FLOWERY BRANCH -- Just a few weeks ago Jackson McDonald cut a frustrated figure on the gridiron.
The rising junior and starting quarterback for the Flowery Branch Falcons freely admits that spring practice proved a trying time, as he came to grips with his position on a team that requires much from its signal caller.
"I didn't start well," McDonald said. "When I came out of spring and into summer I wasn't very comfortable."
What a difference a few weeks can make.
Thanks to the effort expended through workouts, camps and multiple 7-on-7 tournaments McDonald is rounding into exactly the type of quarterback Flowery Branch coaches and teammates believed they saw in the former back-up.
"I'm surprised how big a gap he's made up since the end of spring," Falcons offensive coordinator Ed Stokes said. "I'm very hesitant to give praise to any player, but you can really see (McDonald) starting to see the big picture and progressing through to his fourth and fifth reads. He's also starting to show the intangibles you need out of a quarterback."
McDonald's progression is just one of a handful of changes that Flowery Branch finds itself embracing this summer.
The adjustments start at the top for the Falcons, after longtime defensive coordinator Chris Griffin moved up to take over the program following the departure of Lee Shaw -- who had led Flowery Branch since the school's foundation in 2002 -- to take over his alma mater Rabun County.
"It's definitely different," Griffin said of being head coach. "Most of what I take care of on a daily basis is stuff away from the football field, the logistical stuff."
Griffin also had to find a new offensive coordinator after Benji Harrison left to take over Jackson County.
As much as things change around the Branch, however, the more they stay the same.
Just as the Falcons stayed within the program when promoting Griffin, Flowery Branch also kept things within its family for offensive coordinator, naming longtime assistant Stokes to the position.
"Not a lot has changed for the players," Griffin said. "The kids have adapted and made the transition pretty seamlessly."
It helps that the Falcons return plenty of experience, including standouts such as receiver/defensive back Darius Curry.
"Coach Griffin's doing a great job and everybody's working extremely hard," Curry said. "Of course every team's got room for improvement, but that's why we're working this summer. And we're going to keep progressing."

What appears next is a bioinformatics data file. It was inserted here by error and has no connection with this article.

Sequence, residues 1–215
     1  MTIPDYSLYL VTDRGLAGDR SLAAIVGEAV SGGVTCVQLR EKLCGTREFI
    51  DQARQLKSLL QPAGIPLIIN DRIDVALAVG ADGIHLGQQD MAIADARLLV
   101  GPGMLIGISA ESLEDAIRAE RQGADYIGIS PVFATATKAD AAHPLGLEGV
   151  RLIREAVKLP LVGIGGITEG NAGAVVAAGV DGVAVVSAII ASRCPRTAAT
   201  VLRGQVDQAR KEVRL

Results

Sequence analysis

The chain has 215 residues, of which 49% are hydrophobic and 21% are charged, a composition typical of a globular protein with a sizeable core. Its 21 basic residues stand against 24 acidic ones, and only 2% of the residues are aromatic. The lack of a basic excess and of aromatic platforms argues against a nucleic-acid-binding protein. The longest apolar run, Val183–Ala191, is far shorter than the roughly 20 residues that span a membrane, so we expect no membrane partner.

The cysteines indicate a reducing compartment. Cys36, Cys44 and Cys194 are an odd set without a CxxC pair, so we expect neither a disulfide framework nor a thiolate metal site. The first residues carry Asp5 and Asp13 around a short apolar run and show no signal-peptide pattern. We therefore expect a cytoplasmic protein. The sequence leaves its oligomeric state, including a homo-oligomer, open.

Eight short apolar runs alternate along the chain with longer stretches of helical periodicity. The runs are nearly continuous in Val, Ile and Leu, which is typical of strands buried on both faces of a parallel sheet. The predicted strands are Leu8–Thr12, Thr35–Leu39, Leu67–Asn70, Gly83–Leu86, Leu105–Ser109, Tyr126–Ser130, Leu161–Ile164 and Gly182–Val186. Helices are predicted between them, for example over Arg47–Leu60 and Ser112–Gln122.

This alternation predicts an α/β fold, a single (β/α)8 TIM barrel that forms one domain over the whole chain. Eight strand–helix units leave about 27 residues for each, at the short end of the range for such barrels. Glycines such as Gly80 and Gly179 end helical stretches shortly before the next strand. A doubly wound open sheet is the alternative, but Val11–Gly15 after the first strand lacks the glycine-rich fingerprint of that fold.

Much of that work has come through 7-on-7 passing leagues and tournaments, such as the Falcons' "Top Flight" competition that Flowery Branch hosted on Wednesday at the school -- an event that also featured programs such as Norcross, Peachtree Ridge, Tucker, Mill Creek and Collins Hill.
"These tournaments are so vital for us to get our timing down between the receivers and quarterback," Curry said. "And for me being a defensive back playing against a team with the speed of Norcross is unbelievable. It gets me ready for the season."
Perhaps no Falcons player has benefitted more than McDonald, however.
"I'm progressing great right now, and I've really started connecting with these guys," the quarterback said. "Right now I feel this offense is starting to click; we're starting to work at a fast tempo and are really coming together.
"That's been the biggest thing for us is that we're really starting understand each other and taking this time together. Spring was good to see what kind of athletes we have on this team -- and we have some tremendous athletes -- but now we're starting to put things together."
Griffin has also been impressed by what he's seen from McDonald this summer.
"If he can continue to grow the way he has done these past few weeks he'll be just fine," Griffin said. "He's still got a ways to go, and he knows that. But he's getting better in a hurry."
Filling the shoes of former standout signal callers such as Jaybo and Connor Shaw, Austin Brown and Kanler Coker was never going to be easy, but McDonald feels he's now on the right path to doing just that.
"I feel like I've grown up a lot," McDonald said. "I remember back in the spring I called Kanler one night and was asking him some advice when things weren't clicking. He just told me, 'when you throw a pick you've got to come right back and keep slinging it. You'll be OK.' He really mentored me a lot."
The continued 7-on-7 reps have also helped focus McDonald's resolve.
"Things change so quickly out here; a game can change in a moment," McDonald said. "If you have a bad play you can't get agitated, because you can come right back and throw a touchdown the very next play or series."
With the Falcons' spread attack -- one that asks its quarterback to be versatile and knowledgeable -- the experience has been invaluable.
"This is the most mentally-complicated offense I can think of for a high school quarterback," McDonald said. "I'm making at least four different reads on every snap."
And it's an offense that -- just like the Falcons program -- isn't in store for many changes, despite some personnel adjustments.
"The core parts of this offense will always be there -- tempo, spread and space," Stokes said. "We may tweak a few things here and there, but we'll still be the same offense. We were scoring around 44 points per game last year (44.8). If it ain't broke don't fix it."